Orolia Maritime Releases M-SecureSync

1 October 2020 By Laura Shaughnessy

Laura Shaughnessy is the former managing editor at Dockwalk. 

October is designated as National Cybersecurity Awareness Month in the U.S., and it’s a good time to rethink your cybersecurity strategy. It’s a growing need in all industries, especially with the impending IMO (International Maritime Organization) resolution — Maritime Cyber Risk Management in Safety Management Systems — approaching in 2021.

Faimatea says they’ve seen significantly increased interest in their online courses and online audits, particularly as the January 1, 2021, annual verification of the company’s Document of Compliance comes into place: “The Maritime Safety Committee, at its 98th session in June 2017, also adopted Resolution MSC.428(98) — Maritime Cyber Risk Management in Safety Management Systems. The resolution encourages administrations to ensure that cyber risks are appropriately addressed in existing safety management systems (as defined in the ISM Code) no later than the first annual verification of the company’s Document of Compliance after 1 January 2021.”

“Cybersecurity is considered one of the most significant risks to businesses, and yachting is no exception,” says Will Faimatea, founder of Bond Technology Management (Bond TM). “Research continually shows that 80 percent of all cybersecurity breaches are caused by staff and often in error. Having gone through the process of being GDPR-compliant, I understand the importance of processes as well as the technical aspects.”

Three years ago, after becoming increasingly more aware of the IMO guidelines, Faimatea looked to cyber-forensics expert Dr. Paul Hunton. “To me, it was clear that establishing awareness and education was a very important factor in a way to minimize incidents within our sector.” They began constructing a GCHQ-compliant maritime cyber awareness course two years ago. “Simply carrying out a ‘white hacking’ exercise is not enough but seems to have been the focus by many in the past,” Faimatea adds.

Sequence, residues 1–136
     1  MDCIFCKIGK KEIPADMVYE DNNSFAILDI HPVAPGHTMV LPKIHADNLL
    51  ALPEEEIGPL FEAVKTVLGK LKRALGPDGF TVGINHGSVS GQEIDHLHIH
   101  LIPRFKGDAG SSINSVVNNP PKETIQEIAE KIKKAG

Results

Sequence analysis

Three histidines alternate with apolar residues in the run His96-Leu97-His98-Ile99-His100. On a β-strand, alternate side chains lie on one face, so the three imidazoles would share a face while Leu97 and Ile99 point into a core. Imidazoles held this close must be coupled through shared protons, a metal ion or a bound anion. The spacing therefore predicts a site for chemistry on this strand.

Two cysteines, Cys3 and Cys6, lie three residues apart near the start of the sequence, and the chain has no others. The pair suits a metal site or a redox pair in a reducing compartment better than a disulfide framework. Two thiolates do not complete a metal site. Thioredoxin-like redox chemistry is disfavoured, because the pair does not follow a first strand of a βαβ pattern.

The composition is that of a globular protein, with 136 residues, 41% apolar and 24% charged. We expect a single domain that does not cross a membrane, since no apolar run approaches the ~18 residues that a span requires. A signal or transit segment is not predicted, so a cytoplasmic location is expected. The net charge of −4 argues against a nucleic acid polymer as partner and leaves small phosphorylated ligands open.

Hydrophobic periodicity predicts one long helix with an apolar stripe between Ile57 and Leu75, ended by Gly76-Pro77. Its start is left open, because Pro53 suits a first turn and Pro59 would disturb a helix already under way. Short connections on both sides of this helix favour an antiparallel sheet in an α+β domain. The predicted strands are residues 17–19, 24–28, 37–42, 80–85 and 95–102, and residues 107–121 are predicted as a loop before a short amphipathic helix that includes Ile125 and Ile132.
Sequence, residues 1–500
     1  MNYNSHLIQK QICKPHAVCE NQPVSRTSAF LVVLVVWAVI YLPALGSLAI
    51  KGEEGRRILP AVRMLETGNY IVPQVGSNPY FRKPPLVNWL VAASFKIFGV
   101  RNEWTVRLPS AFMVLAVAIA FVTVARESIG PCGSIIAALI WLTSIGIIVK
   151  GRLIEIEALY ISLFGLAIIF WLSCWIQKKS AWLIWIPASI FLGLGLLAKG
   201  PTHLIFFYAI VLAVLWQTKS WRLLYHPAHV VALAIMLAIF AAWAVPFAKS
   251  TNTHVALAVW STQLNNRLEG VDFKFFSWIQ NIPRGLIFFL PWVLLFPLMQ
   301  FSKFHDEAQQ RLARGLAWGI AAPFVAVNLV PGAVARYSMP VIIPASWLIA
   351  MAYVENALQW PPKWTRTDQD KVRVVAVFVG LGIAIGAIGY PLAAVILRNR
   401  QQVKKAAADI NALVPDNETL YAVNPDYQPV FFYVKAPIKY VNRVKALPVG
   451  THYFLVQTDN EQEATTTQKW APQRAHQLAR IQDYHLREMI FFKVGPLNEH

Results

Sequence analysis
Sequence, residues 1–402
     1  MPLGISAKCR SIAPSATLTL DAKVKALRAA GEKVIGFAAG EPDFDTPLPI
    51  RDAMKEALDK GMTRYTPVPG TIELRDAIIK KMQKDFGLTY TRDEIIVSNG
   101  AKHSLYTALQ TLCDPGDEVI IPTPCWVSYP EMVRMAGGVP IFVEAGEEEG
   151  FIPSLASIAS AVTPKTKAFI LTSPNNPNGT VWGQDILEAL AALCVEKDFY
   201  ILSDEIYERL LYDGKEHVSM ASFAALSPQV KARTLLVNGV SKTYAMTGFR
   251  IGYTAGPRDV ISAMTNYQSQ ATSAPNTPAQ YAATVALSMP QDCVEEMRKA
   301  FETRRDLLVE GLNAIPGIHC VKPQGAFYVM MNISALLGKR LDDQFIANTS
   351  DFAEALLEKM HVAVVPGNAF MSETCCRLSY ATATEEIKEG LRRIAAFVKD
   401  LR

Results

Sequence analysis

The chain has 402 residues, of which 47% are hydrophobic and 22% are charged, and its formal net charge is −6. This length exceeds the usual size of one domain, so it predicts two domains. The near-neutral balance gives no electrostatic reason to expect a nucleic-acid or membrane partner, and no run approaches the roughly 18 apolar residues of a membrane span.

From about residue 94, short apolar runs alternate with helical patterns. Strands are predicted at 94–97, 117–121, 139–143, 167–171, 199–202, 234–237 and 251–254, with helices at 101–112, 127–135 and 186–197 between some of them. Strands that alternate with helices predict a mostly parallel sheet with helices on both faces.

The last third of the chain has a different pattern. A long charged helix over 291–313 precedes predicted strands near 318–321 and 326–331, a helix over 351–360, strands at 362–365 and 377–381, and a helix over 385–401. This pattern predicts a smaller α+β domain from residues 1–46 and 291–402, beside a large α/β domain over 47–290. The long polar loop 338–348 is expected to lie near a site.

“Navigational cybersecurity is a vital piece of the cybersecurity puzzle that has been largely overlooked until the new IMO Resolution MSC.428(98) ‘Maritime Cyber Risk Management in Safety Management Systems’ was announced,” says Sean McCrystal, senior maritime marketing manager for Orolia Maritime. “As the 2021 deadline for the mandate draws nearer, it is important that the entire vessel management ecosystem, from port coordination to critical bridge systems, includes protection of navigation by creating a resilient position and timing source detection and mitigation plan.”

While the mandate might be new, threats to GPS aren’t, says McCrystal. “In the past, incidents such as accidental interference near shore have been a problem, but the growth in knowledge, access, and affordability of jamming and spoofing solutions mean more sophisticated threats are now being regularly reported,” he says.

Orolia Maritime’s M-SecureSync (SecureSync Maritime Navigation Protection System), which launched in 2019, employs various technologies to resist spoofing attacks, alert the bridge to discrepancies in the navigational signals, and activate defense solutions. It offers modular layered protection that can be utilized as a standalone safety indicator or integrated into existing navigation solutions.

“Another option is to use the M-SecureSync system as a geo-location indicator to authenticate communications from the vessel — so you can verify that the email you received from within the vessel is truly being sent from that location. This provides an additional layer of protection from phishing scams,” McCrystal says.

This column is taken from the October 2020 issue of Dockwalk.


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